If you listen closely around the urban corridors of this land you will hear the faint sounds of belts loosening. We’re spending again!
Retail sales have crept up in most categories, notably in footwear (gotta cover those tootsies), appliances and furniture. And as the dollar teases parity, cross border shopping is, once again, becoming a weekend pastime.
But with those numbers comes the question — Why are we spending? A surprising number of people buy stuff in order to keep pace or face with family, friends or co-workers. This kind of spending can put you on a path to debt and dissatisfaction.
One couple I worked with had a circle of friends who went out for a fancy dinner together every couple of weeks, continuing a tradition they’d developed pre-kids. With babysitters, drinks, tips etc. they were blowing nearly $500 a month, money they simply didn’t have. The cost just kept mounting up on their credit cards.
After agonizing about their situation, they fessed up. To their surprise they found everyone was experiencing similar difficulties with their enjoyable habit. But no one wanted to be the first to say, “We can’t afford this anymore.” One of the wives actually wept with gratitude at having their big secret out in the open.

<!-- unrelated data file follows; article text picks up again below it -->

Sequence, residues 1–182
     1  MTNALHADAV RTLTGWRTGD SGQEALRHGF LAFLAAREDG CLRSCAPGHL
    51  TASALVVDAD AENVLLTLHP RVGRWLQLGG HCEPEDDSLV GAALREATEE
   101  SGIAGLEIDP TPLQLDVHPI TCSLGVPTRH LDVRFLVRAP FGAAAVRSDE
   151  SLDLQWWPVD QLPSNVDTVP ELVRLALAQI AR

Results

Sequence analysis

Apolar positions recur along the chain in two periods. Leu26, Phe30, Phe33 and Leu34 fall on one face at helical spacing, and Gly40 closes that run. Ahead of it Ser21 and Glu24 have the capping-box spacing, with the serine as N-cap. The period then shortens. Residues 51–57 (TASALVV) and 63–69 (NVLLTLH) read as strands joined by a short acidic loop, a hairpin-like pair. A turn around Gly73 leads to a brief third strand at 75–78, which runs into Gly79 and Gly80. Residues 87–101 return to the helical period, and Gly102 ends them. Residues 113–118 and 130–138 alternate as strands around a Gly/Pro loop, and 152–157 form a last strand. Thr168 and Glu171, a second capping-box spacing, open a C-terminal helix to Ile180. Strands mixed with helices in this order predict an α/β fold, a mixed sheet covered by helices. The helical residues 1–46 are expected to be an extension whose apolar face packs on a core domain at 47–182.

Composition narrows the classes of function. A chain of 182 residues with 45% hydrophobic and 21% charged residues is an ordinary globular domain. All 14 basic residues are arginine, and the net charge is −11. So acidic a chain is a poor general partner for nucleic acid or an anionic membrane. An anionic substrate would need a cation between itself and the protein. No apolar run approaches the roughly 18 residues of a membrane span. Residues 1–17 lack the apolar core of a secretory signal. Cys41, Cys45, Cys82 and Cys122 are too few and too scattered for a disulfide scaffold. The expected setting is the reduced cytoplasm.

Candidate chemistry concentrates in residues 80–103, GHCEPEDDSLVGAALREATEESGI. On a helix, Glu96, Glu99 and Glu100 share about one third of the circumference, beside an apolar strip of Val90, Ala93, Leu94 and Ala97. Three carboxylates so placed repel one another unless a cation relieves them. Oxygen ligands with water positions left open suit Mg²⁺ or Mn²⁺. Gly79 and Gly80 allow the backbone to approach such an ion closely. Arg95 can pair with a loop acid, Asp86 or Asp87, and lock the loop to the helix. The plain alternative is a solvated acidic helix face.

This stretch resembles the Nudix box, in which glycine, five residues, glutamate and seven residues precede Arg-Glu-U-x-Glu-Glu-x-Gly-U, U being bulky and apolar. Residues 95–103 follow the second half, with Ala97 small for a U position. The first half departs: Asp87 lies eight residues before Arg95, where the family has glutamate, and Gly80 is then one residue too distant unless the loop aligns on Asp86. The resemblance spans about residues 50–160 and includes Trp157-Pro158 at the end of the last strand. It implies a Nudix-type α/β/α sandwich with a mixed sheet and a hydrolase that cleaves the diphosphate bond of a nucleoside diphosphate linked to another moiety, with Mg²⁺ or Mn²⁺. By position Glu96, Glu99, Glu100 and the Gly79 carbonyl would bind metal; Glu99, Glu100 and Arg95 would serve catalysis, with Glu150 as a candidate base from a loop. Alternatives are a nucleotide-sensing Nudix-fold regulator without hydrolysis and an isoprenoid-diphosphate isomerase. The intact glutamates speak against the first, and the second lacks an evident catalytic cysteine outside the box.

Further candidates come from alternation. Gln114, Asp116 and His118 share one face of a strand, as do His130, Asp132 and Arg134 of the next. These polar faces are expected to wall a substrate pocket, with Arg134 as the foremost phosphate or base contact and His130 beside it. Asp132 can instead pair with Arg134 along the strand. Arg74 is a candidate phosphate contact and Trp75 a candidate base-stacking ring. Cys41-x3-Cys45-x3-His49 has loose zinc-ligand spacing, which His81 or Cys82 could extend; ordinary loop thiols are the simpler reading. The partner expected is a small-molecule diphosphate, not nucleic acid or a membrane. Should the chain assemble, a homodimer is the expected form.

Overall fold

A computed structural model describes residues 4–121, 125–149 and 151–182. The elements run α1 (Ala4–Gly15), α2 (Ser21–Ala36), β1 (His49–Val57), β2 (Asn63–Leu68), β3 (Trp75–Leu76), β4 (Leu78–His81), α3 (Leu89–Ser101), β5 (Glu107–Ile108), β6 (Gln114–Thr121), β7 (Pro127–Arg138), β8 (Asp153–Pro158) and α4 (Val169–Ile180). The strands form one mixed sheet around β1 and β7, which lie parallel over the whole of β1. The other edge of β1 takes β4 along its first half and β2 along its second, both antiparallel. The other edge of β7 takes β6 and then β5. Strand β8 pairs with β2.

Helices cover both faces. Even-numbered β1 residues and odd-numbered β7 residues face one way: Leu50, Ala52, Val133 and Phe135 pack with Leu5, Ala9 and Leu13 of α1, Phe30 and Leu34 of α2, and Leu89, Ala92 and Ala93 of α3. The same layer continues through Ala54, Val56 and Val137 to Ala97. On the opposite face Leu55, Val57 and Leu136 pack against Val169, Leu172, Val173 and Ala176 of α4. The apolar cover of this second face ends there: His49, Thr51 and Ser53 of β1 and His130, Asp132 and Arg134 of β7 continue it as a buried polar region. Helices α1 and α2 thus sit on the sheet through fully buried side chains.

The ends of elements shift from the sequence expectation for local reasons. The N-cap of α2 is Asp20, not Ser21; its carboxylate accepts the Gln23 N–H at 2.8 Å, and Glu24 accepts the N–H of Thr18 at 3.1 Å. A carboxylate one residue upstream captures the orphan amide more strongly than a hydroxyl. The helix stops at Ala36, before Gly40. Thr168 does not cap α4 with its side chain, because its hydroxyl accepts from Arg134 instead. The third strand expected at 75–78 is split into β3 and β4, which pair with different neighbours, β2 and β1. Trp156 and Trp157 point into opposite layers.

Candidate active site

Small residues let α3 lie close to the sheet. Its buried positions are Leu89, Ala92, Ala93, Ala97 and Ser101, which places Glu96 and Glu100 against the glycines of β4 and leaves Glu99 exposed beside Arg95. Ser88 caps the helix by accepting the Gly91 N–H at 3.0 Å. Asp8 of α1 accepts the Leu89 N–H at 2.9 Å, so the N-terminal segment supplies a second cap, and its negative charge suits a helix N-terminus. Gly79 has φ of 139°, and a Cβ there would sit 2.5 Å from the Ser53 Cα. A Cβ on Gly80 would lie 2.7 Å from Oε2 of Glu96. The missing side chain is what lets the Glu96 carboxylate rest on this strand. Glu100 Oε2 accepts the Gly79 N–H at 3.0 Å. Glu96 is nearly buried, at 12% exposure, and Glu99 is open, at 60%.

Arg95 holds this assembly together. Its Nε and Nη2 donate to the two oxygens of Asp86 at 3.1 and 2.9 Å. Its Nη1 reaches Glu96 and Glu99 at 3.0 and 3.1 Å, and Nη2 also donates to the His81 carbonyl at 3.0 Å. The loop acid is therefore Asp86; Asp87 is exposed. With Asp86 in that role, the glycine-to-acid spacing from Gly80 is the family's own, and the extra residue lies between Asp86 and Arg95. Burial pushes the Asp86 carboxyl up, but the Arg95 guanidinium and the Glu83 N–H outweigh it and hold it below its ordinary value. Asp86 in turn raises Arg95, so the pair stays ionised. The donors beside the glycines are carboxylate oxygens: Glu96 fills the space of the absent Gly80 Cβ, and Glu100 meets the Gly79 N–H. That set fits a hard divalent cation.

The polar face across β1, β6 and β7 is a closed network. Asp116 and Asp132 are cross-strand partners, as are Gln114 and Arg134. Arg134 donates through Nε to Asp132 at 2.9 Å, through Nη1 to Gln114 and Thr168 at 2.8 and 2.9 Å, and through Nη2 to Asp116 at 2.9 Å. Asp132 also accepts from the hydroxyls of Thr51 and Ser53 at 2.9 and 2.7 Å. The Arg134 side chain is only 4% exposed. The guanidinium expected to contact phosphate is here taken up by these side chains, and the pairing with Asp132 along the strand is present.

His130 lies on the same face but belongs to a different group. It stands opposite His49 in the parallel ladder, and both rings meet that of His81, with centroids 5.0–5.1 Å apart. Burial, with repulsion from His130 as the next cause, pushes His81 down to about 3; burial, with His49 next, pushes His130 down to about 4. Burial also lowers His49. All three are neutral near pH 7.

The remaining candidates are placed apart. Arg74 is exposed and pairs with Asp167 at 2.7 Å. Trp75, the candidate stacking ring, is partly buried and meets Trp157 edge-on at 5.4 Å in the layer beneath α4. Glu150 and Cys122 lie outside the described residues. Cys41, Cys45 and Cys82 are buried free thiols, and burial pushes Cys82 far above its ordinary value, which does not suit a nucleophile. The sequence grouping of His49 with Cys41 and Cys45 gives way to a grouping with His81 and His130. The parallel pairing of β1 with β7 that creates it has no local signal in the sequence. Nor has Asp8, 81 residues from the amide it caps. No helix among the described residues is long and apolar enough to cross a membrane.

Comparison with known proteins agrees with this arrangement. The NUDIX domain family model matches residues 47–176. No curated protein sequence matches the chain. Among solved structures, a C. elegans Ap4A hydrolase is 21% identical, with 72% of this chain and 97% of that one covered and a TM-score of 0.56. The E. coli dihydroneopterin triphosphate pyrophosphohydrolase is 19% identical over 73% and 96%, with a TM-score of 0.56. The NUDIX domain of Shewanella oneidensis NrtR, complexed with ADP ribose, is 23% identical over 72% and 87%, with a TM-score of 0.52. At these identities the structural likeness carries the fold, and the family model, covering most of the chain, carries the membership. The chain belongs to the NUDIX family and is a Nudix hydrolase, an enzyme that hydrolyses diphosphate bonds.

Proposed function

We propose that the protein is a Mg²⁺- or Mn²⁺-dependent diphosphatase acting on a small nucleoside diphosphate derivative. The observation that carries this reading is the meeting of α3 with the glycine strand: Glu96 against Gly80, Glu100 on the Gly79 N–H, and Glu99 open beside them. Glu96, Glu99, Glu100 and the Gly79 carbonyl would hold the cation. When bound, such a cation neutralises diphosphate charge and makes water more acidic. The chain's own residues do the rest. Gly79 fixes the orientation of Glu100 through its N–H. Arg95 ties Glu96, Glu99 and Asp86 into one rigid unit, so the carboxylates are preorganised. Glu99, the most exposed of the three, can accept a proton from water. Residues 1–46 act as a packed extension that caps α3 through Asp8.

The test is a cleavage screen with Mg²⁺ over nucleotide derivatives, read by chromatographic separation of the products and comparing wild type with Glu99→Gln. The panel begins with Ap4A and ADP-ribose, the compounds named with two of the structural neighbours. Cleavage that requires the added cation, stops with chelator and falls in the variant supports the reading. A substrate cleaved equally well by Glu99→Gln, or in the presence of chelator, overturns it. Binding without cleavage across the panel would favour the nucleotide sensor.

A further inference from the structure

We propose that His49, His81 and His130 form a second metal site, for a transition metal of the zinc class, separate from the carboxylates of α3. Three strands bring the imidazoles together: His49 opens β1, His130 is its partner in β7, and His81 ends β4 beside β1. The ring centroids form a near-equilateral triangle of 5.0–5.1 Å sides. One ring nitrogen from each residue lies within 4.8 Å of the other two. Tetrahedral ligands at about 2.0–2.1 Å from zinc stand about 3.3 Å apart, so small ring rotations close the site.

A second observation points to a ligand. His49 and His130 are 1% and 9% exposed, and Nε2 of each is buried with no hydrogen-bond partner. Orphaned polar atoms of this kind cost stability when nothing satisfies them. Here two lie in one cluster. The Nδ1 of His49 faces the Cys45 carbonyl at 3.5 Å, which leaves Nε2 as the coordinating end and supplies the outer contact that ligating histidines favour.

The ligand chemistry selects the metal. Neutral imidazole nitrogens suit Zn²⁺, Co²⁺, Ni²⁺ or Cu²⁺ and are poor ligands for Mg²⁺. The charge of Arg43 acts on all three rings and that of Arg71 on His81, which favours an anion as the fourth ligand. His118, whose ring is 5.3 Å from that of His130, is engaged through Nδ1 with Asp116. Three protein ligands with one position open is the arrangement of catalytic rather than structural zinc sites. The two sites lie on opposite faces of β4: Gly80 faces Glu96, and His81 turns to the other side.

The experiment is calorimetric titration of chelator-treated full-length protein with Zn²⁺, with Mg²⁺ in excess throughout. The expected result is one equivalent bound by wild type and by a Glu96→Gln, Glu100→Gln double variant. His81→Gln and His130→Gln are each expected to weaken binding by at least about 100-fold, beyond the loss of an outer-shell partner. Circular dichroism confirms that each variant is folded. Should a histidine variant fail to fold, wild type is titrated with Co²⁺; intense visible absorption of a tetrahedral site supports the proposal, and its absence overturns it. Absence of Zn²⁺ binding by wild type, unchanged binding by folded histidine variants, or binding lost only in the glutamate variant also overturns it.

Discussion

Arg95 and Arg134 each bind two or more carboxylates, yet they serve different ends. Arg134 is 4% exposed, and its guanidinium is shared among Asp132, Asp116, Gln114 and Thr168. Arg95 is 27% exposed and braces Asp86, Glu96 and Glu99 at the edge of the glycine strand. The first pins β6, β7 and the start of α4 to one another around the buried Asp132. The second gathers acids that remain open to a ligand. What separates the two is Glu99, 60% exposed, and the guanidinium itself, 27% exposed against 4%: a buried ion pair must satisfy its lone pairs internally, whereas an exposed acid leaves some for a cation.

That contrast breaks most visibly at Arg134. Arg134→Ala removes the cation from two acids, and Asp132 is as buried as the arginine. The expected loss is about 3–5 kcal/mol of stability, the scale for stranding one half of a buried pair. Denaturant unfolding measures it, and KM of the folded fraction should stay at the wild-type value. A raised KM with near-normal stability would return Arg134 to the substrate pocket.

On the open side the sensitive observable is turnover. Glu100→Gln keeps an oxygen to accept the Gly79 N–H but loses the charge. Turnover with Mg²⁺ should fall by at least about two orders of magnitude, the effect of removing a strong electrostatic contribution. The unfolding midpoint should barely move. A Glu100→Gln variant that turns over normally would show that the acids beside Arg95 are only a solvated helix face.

The same group still meets regularly, but now they take turns hosting. The kids are stashed in the family room with a sitter hired for the group, the food is potluck, the drinks are BYOB and the entertainment is, wait for it, board games. Each week a different couple dusts off one of the boxes they have stashed in the basement. Clue, Risk, Trivial Pursuit, Cranium, Mastermind, Balderdash. Fun!
Another couple were part of a yacht club crowd. They kept up the membership, even after the husband was downsized, for fear of losing their friends and, even worse, looking like losers.
Two years after selling their boat they have a whole new set of friends who kayak.
– Alison Griffiths is a financial journalist, author and host of Maxed Out on the W Network. Write to her at email@example.com.